SINGAPORE - United Overseas Bank , Singapore's number 3 lender, has suspended its loans programme for London properties in the wake of uncertainties caused by Britain's vote to leave the European Union.
UOB would be among the first banks in Singapore to turn cautious on such lending, even though it is not a large amount, as Brexit spooked global markets and pushed the pound to multi-year lows.
"We will temporarily stop receiving foreign property loan applications for London properties," a UOB spokeswoman said in an email.
"As the aftermath of the UK referendum is still unfolding and given the uncertainties, we need to ensure our customers are cautious with their London property investments."
Singapore's biggest lender, DBS Group Holdings, said it continued to provide financing for property purchases in London but was advising its customers to be cautious.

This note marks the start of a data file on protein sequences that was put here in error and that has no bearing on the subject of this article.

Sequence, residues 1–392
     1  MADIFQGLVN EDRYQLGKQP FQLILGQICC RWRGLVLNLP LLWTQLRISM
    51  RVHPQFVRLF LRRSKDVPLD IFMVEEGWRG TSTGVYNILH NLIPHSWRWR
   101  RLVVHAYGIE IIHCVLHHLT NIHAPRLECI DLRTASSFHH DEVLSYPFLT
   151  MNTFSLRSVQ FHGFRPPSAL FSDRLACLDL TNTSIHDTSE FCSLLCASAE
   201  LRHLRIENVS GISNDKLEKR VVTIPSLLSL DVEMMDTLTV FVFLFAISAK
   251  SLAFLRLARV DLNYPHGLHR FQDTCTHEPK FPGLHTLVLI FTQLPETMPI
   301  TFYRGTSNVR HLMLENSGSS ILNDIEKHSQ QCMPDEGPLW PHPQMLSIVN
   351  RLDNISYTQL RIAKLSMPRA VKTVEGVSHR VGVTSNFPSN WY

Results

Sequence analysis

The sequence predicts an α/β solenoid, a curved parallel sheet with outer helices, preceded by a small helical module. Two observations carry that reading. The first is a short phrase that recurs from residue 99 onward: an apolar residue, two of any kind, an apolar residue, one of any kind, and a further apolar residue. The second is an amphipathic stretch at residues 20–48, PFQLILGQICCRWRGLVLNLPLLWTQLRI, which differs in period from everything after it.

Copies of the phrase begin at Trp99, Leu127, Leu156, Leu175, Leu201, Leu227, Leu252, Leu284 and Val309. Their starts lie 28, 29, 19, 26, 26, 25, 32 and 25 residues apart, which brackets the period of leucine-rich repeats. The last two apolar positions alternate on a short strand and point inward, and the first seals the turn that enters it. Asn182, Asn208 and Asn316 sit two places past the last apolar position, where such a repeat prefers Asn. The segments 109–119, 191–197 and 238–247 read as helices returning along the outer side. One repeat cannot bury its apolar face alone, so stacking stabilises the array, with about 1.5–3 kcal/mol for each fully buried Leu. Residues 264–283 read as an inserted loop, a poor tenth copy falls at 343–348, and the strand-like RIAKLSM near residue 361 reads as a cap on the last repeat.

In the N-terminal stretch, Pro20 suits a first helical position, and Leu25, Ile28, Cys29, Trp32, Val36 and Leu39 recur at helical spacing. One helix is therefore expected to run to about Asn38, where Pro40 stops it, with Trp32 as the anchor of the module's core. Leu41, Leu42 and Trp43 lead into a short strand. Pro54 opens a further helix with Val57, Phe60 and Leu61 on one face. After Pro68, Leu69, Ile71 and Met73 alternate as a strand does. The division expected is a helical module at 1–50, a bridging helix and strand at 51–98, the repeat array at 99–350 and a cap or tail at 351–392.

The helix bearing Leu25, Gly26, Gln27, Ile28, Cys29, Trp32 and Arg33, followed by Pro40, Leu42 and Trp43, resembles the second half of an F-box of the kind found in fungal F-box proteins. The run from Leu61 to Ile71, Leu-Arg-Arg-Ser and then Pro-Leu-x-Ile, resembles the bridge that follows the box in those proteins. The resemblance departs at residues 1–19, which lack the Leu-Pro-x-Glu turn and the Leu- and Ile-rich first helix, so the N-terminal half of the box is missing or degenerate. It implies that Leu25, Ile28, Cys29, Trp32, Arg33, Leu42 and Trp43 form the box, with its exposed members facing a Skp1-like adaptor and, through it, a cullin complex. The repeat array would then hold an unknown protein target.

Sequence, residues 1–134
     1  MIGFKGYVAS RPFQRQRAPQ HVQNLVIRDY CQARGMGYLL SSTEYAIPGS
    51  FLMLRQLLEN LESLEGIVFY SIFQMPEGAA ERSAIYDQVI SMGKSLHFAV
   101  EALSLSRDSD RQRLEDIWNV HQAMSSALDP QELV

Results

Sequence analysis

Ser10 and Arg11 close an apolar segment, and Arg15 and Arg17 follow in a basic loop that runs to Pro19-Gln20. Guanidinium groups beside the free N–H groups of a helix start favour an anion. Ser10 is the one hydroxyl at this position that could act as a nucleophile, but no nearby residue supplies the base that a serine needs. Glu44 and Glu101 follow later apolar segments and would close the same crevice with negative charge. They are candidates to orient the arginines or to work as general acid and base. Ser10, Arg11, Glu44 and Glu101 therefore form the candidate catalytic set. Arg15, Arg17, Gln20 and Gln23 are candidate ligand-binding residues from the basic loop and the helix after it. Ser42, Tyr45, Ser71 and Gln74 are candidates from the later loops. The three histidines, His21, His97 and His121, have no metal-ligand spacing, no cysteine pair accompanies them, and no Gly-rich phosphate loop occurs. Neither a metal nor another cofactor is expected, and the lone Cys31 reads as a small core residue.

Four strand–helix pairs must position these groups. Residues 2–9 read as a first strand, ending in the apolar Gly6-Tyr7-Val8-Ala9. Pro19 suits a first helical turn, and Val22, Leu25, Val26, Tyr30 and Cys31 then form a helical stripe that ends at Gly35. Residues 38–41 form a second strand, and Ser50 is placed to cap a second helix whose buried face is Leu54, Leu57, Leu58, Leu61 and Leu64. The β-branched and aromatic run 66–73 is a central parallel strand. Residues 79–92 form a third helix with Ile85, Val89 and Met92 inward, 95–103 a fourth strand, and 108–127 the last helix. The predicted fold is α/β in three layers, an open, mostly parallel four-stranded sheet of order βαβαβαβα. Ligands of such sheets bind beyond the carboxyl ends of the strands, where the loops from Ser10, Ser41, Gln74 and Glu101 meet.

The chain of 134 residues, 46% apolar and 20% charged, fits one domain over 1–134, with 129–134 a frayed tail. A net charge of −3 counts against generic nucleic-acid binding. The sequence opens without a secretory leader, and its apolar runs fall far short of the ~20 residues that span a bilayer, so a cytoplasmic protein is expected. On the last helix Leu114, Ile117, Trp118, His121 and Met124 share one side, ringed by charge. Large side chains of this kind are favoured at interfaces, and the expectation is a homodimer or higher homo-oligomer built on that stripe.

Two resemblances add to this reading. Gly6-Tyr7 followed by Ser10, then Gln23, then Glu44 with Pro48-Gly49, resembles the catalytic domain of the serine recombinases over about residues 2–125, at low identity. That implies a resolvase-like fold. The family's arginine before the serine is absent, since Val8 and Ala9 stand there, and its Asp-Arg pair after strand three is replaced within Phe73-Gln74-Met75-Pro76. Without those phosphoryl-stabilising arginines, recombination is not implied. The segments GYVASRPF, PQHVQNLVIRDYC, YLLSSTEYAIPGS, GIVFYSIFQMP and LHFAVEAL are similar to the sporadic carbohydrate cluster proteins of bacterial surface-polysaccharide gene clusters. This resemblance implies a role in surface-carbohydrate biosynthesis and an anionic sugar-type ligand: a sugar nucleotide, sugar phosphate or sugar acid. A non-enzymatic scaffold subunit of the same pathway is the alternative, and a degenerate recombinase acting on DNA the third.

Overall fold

"For customers interested in buying properties in London, we would advise them to assess the situation carefully before committing to their purchases as there could be potential foreign exchange and sovereign risks," Tok Geok Peng, executive director of secured lending, consumer banking group (Singapore) at DBS Bank, said in an email.
The Singapore dollar has gained about 10 per cent against the British pound since the referendum.
"There have been London properties available for the last few months before the Brexit. The question is whether these properties can still continue to receive buyers in the short-term," said Alice Tan, head of consultancy and research at Knight Frank Singapore.
Property consultants say data on the number of properties purchased by Singaporeans in the United Kingdom is not tracked that closely.
Banks do not disclose lending data for UK property purchases.
UOB said it was monitoring the market environment closely and would review it regularly to determine when it could resume its property loan offering.
UOB runs an international property loans programme that also covers properties in Australia, Japan, Thailand, Malaysia and Singapore, according to its website.